I was writing this whole long rambling post about responsibility, and apologizing for and trying to minimize accidental harm, but then it changed tangents and I think what I most want to say is this:In fandom, please be careful about how negative you are, and how you are negative.
This relates to anything from offering unsolicited crit on a fic (or heck, solicited crit) to hating on a part of canon, or to being an anti, or to discussing your dislike of a popular fic trope.
I'm not saying this for reasons of courtesy and manners, though I think that counts for something. But it's really for a much more selfish reason: Negativity can make people disengage, and that's overall detrimental to fandom. Which I selfishly care about, as a fan.
Spoilers: fandom is a really fucking emotional
thing for most people. Our interests and obsessions are a pretty core part of our identities, and we wouldn't be devoting time and energy to them if we weren't mentally and emotionally engaged. Hearing that someone hates something you love can hurt, even when there is no hurt intended. That's even before we get into the question of fanfic and fanart and vids and other fan creations, and how personal one's art is to most artists. Especially for amateur artists, who aren't getting paid and so the only impetus to share our creations is for emotional validation.
There have been more than a few fic writers who have quit writing because of crit -- because getting crit is really hard even for many professional writers, and people writing for fun may not have the emotional energy to deal with it, or just don't want to, and so they stop, or stop sharing their work publicly. But it's not just direct crit that can do this. If you're writing a trope you love, or a pairing you love, and then you see people talking about how much they dislike that trope or how gross that pairing is, it can make you hesitate to keep writing, or at least hesitate to share your work, knowing you might be inviting crit. Or even just thinking that no one is going to want to read it. (Then, some of us are the opposite and such things inspire us to keep going out of pure spite; but even for me that's something I have to work myself into and it takes its own emotional toll.)
And this hurts, not just the writer, but the fandom as a whole, because someone quitting writing means less fic in the fandom for the rest of us. And even if it's not fic that you like personally, that you'd be happy not to see any more of -- someone else surely would like it, and want more, and do you want to spoil their fun, too?
Likewise, talking about disliking canon can stop discussion, because it can be hard to contradict someone -- especially someone with whom you share a fandom, so there can be that sense of comradery, being in the same community. So if you see a fan friend talking about how X canon thing sucks, rather than argue back that you love that thing, it can be easier to not rock the boat, to not say anything -- but then not feeling comfortable to talk about what you love in a fandom can drain your interest in it, and with it the fandom; and then you drift away, and the fandom shrinks.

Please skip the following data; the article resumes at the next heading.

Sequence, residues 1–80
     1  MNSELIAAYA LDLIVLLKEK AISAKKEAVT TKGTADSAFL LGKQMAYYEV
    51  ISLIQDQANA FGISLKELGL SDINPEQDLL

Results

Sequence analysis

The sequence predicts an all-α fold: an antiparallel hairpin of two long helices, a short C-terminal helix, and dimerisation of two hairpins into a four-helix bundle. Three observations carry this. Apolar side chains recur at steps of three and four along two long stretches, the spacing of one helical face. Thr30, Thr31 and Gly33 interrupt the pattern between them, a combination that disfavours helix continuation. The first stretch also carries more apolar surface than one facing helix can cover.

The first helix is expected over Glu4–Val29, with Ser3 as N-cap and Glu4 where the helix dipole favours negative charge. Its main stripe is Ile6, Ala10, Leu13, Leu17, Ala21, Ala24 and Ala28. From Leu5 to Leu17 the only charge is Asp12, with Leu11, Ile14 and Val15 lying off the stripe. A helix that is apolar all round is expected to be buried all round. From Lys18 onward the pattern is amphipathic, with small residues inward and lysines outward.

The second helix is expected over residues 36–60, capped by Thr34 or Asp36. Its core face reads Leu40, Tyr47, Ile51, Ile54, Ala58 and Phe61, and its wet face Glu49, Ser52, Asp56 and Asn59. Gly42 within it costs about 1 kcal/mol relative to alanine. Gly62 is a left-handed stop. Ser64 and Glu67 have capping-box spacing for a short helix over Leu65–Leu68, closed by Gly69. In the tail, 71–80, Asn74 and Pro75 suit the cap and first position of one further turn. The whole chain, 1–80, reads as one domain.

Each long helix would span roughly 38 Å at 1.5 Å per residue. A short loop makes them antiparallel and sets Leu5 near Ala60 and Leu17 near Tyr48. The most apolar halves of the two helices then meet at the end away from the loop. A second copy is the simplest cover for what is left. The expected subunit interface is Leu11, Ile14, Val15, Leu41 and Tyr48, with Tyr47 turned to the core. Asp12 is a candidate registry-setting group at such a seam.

To be clear, I'm not saying don't be negative. For one thing, sometimes it's important to do so. Calling out things like racism or toxic behavior can be seen as negative but can also be really crucial for the overall health and safety of a community and the members in it. Pointing out that a fic isn't sufficiently tagged can be a type of criticism (and can hurt a writer) but may help many other fans who could be impacted.
For two, complaining about what we dislike as well as what we like is a big part of fanning for a lot of us -- for me definitely; I enjoy a good hard critical analysis, and I'll be honest, sometimes I take guiltily gleeful pleasure in shredding something I didn't like. And sometimes, too, it feels great to talk about and find out I'm not alone in hating X thing. But I try -- have been trying harder -- to limit how I do it. When I criticize canon, I try to tag/mark it for negativity and squee-harshing, so people who don't want to see it can avoid it. When I criticize fanworks (either a specific fic I don't like, or a trope/ship/etc) I try to ensure it's not personal, and/or to keep it in more private locked channels that won't get back to the writer(s), because that's really all about me and what I like; it's not another fan's fault that I have my preferences, and the last thing I want to do is get in the way of the fun of someone else who is enjoying the fandom as much as I am, if in a different way.
I'm far from great at this -- I've hurt friends on more than one occasion without meaning to because I got too into a fannish debate and didn't realize the feelings I was provoking. I have no doubt that I've discouraged other fans from fanning on and writing things they enjoy, and I'm sorry for that. But I'm trying, and will keep trying -- I've been trying harder especially lately because my current fandom is quite small; just about all of us non-lurkers in it have interacted with each other to some extent, so it makes any interactions more personal than they would be in a larger fandom in which many people don't know each other. I'm not perfect but I'm doing my best. And hopefully my fandoms will be a more encouraging place for it.
tl;dr: make squee, not war?
ETA: this post's original subject was "not-so-vague vague-posting" because I was originally inspired to write it by a mess in my current fandom. My original intent morphed in the writing of it, though, to be more about my own changing feelings about how I interact with the fan communities I'm in, for better or for worse, so I've adjusted the subject to match.Cross-posted at https://xparrot.dreamwidth.org/188155.html with comments over there.